Did I ever tell you that I like infectious diseases? No matter how horrible they are sometimes. The beauty of an infection is that one day it’s the deadliest in the world, like a bacterial pneumonia, the next moment you have penicillin, and everything is different again. Horrible diseases get chronic almost overnight.
The scary thing is: you don’t know from the start what the disease is and if it will ever be treatable. The most notorious diseases in this case is the ultimate queen of infections: HIV, AIDS, SIDA, Kimi. The story is like a movie. Better said: the story is used in many movies. And there’s a reason. It has a spectacular start, a thriller like chase and a (sort of) happy ending. Let’s look at the start and how the world seroconverted.

1981
Reagan has just started his powerplay with the cold Russians, in Tanzania president Nyerere is working his fourth term and the Netherlands are recovering from the inauguration of Queen Beatrix. Three places in the world, miles apart that don’t have anything in common. Or so it seems. This year, all three of them and many more, will be confronted with a disease that nobody knows. Oh, and 13 year old Lisa Lopez has no idea yet that she will be conquering the world a couple of years later with TLC and their hit song “Waterfalls”. Why is that related? Just continue reading.

California, US of A
Out of the blue, hundreds of young men start dying. Young, gay men. It’s a disease nobody had seen before and gets referred to as Gay cancer. The first reports suggest that the disease is spread through inhalation of a substance (like the inhalation of poppers), and really, definitely not an infectious disease. It leads to an immunodeficiency in men with a “particular lifestyle”. Vegans have a particular lifestyle, as do priests and the Eskimo, but in this case they were referring to male patients that, in the year prior to the symptoms, had sex with many different men. Beware, this was before Grindr and the Gay pride. A new term is made to describe the illness: GRID – Gay Related Immuno Deficiency.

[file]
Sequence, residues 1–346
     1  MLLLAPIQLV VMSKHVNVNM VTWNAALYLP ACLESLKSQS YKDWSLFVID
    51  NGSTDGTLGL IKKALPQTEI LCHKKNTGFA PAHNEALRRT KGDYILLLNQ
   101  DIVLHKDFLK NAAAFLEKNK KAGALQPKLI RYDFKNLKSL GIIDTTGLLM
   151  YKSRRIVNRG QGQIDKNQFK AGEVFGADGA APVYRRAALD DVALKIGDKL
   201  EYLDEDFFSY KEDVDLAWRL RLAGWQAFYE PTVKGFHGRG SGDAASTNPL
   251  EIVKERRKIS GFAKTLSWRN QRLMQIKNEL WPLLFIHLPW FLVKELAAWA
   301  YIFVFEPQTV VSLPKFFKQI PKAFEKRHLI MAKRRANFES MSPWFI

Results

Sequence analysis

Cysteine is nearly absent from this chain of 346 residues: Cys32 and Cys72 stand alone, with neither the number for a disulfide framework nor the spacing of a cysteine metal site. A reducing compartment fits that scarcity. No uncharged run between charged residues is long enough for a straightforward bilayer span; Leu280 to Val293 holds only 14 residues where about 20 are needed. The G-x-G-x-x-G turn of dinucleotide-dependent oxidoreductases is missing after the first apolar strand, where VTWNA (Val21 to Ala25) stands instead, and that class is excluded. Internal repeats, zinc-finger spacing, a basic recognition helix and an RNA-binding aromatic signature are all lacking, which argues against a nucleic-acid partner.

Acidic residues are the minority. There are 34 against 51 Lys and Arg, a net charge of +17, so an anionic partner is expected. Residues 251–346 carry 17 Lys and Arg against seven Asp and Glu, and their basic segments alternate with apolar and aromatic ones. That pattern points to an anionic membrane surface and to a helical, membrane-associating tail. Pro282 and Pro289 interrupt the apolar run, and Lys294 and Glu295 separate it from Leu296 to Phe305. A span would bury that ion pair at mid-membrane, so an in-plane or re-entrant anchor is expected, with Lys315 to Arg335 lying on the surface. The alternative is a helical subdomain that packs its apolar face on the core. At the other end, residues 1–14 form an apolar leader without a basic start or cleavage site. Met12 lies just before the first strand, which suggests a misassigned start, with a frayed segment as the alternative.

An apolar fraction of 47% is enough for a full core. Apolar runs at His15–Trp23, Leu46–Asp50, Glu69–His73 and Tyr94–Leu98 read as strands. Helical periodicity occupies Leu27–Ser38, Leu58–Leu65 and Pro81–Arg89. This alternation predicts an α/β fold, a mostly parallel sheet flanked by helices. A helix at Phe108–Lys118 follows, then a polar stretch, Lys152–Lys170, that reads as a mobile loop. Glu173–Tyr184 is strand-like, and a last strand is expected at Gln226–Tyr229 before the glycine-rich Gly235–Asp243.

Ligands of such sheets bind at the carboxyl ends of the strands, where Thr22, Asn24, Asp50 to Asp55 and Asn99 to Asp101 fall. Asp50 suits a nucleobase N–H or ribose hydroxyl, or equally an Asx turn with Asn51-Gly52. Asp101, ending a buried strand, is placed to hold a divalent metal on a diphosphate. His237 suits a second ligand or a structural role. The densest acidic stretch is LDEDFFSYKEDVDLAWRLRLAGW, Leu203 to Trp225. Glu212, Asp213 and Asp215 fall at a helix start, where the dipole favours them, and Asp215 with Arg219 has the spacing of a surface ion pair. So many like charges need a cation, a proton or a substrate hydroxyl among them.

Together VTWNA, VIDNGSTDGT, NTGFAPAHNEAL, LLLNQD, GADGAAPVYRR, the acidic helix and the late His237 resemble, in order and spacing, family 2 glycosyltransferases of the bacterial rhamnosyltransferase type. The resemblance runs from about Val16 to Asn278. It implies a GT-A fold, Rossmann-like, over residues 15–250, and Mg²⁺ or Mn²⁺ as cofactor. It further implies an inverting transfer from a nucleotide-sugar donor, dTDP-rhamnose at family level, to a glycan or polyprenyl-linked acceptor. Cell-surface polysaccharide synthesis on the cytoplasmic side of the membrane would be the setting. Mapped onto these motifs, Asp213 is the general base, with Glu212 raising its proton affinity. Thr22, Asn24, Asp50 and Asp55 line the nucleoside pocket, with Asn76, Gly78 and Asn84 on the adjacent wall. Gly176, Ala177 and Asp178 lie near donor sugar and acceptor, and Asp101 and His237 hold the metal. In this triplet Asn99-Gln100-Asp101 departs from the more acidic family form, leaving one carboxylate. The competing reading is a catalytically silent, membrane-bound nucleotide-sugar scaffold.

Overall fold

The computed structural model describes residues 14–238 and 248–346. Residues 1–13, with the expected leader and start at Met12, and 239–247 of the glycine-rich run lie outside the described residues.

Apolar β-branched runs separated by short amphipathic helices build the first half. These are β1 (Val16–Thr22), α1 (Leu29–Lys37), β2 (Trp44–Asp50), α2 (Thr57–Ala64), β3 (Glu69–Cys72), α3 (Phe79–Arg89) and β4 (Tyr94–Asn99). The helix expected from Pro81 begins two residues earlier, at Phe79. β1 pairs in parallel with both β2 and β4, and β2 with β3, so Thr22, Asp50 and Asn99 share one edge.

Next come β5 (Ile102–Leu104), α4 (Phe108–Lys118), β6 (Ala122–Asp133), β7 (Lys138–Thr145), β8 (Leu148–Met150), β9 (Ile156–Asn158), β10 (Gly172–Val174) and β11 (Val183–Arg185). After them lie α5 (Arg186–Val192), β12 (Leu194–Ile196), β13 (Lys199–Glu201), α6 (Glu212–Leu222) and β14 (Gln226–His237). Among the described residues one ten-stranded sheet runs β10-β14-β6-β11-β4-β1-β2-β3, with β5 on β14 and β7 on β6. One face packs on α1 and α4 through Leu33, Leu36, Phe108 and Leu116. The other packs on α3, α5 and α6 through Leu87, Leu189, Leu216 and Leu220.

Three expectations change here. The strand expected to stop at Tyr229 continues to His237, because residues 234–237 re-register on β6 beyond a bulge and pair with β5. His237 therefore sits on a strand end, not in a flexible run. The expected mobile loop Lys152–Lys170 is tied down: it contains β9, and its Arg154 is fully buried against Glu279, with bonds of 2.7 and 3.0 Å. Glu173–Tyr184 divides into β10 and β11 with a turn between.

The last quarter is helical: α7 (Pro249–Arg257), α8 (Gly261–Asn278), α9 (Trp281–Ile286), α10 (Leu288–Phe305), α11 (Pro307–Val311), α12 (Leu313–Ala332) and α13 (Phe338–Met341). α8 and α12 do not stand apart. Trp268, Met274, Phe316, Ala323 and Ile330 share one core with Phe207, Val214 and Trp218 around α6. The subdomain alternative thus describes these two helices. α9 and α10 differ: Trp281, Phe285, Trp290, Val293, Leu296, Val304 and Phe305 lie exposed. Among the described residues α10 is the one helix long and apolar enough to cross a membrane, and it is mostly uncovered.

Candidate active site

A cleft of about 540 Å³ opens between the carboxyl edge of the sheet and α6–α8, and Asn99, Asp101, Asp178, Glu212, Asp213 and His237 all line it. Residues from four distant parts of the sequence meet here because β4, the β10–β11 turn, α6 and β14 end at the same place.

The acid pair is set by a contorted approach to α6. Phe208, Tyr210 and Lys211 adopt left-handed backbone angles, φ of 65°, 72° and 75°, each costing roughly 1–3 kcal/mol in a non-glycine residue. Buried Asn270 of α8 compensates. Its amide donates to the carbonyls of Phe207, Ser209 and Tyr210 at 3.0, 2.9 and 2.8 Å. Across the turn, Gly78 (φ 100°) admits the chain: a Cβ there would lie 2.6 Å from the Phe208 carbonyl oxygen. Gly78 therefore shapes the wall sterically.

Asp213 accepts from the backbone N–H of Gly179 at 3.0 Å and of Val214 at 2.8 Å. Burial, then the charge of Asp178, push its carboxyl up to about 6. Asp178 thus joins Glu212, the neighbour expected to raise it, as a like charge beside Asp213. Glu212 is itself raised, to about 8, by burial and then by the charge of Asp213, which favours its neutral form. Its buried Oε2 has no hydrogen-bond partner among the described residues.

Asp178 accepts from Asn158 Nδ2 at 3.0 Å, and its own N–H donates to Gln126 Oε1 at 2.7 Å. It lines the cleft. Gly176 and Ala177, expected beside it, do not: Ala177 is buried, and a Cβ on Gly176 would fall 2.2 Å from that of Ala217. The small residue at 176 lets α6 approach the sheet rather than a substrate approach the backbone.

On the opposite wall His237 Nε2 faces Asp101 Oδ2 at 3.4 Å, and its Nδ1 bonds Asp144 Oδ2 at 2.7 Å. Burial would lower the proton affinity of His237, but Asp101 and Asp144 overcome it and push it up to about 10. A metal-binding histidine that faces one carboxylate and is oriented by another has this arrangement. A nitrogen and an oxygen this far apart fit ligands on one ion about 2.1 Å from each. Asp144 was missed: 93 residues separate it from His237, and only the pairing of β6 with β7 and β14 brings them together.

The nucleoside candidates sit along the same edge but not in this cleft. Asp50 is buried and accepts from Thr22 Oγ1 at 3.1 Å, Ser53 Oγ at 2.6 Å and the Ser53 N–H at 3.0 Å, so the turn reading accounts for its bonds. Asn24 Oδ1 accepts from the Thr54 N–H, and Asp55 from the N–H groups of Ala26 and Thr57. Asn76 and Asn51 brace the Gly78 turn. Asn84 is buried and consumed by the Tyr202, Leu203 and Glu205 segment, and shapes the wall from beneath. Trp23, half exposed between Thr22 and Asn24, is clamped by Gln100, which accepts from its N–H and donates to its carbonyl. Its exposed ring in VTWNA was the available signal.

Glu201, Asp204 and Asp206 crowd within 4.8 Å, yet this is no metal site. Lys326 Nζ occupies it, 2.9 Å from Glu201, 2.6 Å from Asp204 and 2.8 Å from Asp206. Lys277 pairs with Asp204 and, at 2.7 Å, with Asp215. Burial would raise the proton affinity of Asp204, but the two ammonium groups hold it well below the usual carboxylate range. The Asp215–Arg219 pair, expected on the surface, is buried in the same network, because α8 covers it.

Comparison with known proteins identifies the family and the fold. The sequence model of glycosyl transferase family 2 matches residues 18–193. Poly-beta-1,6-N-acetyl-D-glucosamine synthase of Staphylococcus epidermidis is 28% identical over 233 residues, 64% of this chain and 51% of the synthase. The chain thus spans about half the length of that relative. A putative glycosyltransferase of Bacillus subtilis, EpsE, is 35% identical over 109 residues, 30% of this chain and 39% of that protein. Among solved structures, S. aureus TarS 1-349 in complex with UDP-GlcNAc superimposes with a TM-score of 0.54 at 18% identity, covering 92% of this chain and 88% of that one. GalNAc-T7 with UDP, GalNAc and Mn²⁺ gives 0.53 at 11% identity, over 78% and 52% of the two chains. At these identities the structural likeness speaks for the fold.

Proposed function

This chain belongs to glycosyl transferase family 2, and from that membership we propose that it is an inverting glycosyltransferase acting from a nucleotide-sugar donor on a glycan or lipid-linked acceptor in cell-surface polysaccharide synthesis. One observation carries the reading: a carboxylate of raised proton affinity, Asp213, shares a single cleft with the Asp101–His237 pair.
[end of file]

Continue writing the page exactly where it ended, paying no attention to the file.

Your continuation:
Moshi, Tanzania
On a completely different continent, Dr William Howlett also gets introduced to this new disease. However, the case definition is definitely different than the USA one. Here, they look out for flying testosterony hunks, the primary affected group seems to be travelling men and stewards, who can easily transfer the disease from one country to the next. And whatever you may think about business men and stewards, in the definition of Tanzania’s dictionary the word “gay” is absent.

Haarlem, the Netherlands
Closer to my home, my currently retired supervisor (then a flaming thirty-year old) Reinier ten Kate saw a great denial. Most specialists that get in contact with the disease, don’t recognize the disease and can’t evaluate the risks properly. They see regular infections, but then all at the same time. So, they are categorized as many diseases, instead of being this special one. Specialists that never had to deal with acute situations all of a sudden found themselves in the Emergency Room and doctors whose medical fields seemed miles apart suddenly had to sit together and discuss. Could it be? The Gay thingy from the USA? In the small country of the Netherlands, surely we wouldn’t get this disease, right?! But unfortunately, denial is not always the answer.

Moshi, Tanzania
In the meantime, Dr Howlett identified 200 female prostitutes as potentially infected. The idea that a disease could have preference for a sexual orientation is classified as ridiculous. Still today the biggest infected group in this country is women.

California, United States of America